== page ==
I may just set up a different search engine now, being honest. Google also logs everything you browse.
 
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MicroNort

Member
Linux has plenty of software that can run perfectly fine, and most have feature parity with their Windows counterparts. Those that don't have Linux alternatives typically work with Wine or a VM, so to suggest the software game is lacking on Linux in any way is misinformed.
What would you run on the VM?
 
A Linux future is a pipe dream. There have been plenty of Unix flavours in the past but have gained only a small market share due to applications that can be used on them and the fact that most corporations will want to stick with Windows as the safe option.
A Linux future is already here! Majority of the major services that run our internet are running Linux, not Windows. Not to mention, using something like KVM to virtualize windows or even using something like a Proxmox hypervisor you will only lose 1-3% of performance. Lets just say I highly doubt joyfreak is hosted on IIS ;) What a licensing nightmare Windows is....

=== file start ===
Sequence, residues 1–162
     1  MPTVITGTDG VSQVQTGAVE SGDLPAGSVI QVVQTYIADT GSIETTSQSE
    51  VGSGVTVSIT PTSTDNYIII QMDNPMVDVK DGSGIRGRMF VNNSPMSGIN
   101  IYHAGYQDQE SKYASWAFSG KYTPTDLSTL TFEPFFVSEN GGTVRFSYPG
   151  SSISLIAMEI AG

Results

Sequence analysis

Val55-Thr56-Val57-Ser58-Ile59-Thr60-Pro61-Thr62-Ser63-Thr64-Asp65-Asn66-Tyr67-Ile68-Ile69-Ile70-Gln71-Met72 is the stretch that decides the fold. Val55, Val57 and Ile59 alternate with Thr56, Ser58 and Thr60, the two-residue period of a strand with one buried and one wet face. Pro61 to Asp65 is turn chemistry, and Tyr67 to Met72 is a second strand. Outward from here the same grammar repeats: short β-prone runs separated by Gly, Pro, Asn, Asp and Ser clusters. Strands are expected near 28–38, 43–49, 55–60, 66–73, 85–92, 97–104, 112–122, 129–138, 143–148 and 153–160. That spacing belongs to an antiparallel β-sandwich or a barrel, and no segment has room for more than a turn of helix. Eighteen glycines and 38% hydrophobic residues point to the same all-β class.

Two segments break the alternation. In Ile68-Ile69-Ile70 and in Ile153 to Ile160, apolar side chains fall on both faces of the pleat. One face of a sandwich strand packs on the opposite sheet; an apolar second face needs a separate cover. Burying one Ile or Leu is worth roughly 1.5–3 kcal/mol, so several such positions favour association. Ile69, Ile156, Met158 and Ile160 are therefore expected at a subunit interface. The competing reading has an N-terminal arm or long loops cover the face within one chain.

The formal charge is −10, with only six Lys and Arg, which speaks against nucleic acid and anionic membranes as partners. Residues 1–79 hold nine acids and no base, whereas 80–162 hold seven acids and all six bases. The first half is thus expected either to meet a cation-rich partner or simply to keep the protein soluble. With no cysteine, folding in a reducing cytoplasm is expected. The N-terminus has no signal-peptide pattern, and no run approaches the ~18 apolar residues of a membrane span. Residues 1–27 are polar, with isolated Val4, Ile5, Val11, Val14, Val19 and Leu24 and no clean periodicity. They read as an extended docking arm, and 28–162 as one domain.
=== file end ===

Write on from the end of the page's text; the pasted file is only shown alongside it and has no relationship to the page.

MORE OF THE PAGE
I have been using Linux as my home operating system for nearly 4 years now and I have only ran into the problem of certain apps not working less than a handful of times and when this happens I was crafty enough to either use Wine like PGen98 suggested, or just cloning my Windows VM template.

I believe the biggest issue in this realm is that people have just accepted that Windows 10 is the easiest thing to use, but in reality haven't even tried other options. I hope this thread will get people more eager to hop on over to Linux, because once you actually get immersed, you will laugh that you ever actually enjoyed Windows :)
 

valen

Member
Which operating system does everyone use constantly? I assume many people will choose Windows, but I am wondering why you have stuck to the operating system you are used to using? If you could improve anything to your user experience what would it be?
Usage order
1. Windows 10.
2. Android
3. AmigaOS... I do know PowerPC and some Sony fanboys can't handle when debunked their beloved CELL. CELL's SPU is not a CPU since
  • Missing pointer swap with another CPU node feature.
  • Missing supervisor and user modes i.e. even 68000 has supervision and user modes.
  • IBM claims CELL's SPU as "DSP like".
 

valen

Member
Linux has plenty of software that can run perfectly fine, and most have feature parity with their Windows counterparts. Those that don't have Linux alternatives typically work with Wine or a VM, so to suggest the software game is lacking on Linux in any way is misinformed.
We have custom business scanning+ocr software that runs with ISIS x64 drivers and it doesn't work with Lintel WINE. Parts of the software runs with WINE but problems with the driver stack.

The boat anchors for Windows